Real-Time Prediction of West Nile Virus Neuroinvasive Disease Case Counts Accounting for Reporting Delays


Brad Biggerstaff, Centers for Disease Control and Prevention

Monday, 03 November 2003

4:10 PM

E202 Engineering Building


West Nile virus (WNV) epidemics have occurred in the US since it was first recognized in the Western Hemisphere in an outbreak in Queens, New York, in 1999. The 2002 WNV epidemic was the largest WNV outbreak on record, and the largest arbovirus outbreak recorded in the US. With the spread of the virus westward across the US, there was every indication that a large outbreak was again possible in 2003. Routine surveillance for WNV illness on the national level has been in place since 2002, and epidemiologists with the Centers for Disease Control and Prevention (CDC) regularly track the epidemic using daily updated

WNV case counts, reported to the CDC from state health departments. There are naturally delays from the time a person takes ill from a WNV infection and the time that such illness is reported to CDC. With the 2003 epidemic, we augmented the existing surveillance case tally to account for such reporting delays. The nonparametric methods of Lawless (1994) and Kalbfleisch and Lawless (1989) were used to provide daily adjustments to the case counts. The methodology and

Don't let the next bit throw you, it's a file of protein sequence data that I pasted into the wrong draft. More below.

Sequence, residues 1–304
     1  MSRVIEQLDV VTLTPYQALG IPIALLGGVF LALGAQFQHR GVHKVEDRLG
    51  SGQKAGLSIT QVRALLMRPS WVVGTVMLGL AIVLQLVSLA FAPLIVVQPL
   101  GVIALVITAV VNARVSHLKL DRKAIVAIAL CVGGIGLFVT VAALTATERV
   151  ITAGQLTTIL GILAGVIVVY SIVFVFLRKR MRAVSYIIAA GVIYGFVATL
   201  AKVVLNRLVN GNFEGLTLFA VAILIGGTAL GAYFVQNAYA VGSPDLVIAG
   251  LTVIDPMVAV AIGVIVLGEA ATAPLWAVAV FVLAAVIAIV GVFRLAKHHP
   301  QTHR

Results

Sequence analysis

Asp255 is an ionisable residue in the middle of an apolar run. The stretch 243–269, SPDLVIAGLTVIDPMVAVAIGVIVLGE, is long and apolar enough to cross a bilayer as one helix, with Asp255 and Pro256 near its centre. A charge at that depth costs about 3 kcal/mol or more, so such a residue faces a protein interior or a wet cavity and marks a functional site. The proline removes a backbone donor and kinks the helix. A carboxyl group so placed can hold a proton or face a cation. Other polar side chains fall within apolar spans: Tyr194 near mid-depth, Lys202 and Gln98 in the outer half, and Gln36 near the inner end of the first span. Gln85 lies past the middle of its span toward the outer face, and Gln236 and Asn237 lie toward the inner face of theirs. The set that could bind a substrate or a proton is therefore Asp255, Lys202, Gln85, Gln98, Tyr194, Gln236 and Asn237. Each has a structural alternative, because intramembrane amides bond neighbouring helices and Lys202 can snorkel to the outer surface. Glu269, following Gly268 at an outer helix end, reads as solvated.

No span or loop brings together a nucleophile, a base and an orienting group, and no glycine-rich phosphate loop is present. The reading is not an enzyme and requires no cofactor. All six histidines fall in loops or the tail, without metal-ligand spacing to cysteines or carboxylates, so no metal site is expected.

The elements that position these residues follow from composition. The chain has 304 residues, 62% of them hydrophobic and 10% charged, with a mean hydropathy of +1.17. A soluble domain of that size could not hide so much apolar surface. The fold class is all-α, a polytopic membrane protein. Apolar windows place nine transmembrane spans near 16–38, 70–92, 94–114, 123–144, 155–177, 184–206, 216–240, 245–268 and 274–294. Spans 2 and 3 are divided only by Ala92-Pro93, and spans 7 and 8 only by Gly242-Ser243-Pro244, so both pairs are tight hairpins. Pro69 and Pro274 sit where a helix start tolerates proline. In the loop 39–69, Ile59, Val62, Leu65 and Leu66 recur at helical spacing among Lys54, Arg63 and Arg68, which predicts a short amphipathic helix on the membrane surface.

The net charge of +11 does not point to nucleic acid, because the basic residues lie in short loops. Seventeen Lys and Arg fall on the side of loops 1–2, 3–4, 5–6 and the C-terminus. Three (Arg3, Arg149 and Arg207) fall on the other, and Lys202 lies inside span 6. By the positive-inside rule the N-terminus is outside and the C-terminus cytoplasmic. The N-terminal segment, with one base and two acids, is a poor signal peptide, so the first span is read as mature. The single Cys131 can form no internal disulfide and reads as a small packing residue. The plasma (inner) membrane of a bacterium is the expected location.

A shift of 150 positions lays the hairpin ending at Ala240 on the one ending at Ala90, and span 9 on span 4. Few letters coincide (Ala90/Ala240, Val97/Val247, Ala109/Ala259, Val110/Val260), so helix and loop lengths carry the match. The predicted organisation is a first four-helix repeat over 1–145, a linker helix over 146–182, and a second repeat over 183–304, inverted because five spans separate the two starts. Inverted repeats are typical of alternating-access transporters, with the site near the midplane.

application are presented, along with some description of the reporting delay distributions observed during the 2002 and 2003 epidemics. Additionally, real-time comparison of the national 2003 outbreak with the one in 2002 is made using the reporting delay-adjusted predictions. Finally, the utility of the approach is discussed, and planned extensions to the current implementation are outlined.


Joint work with Alicia Johnson


Refreshments will be served at 3:45 p.m. in Room 008 of the Statistics Building






College of Natural Sciences




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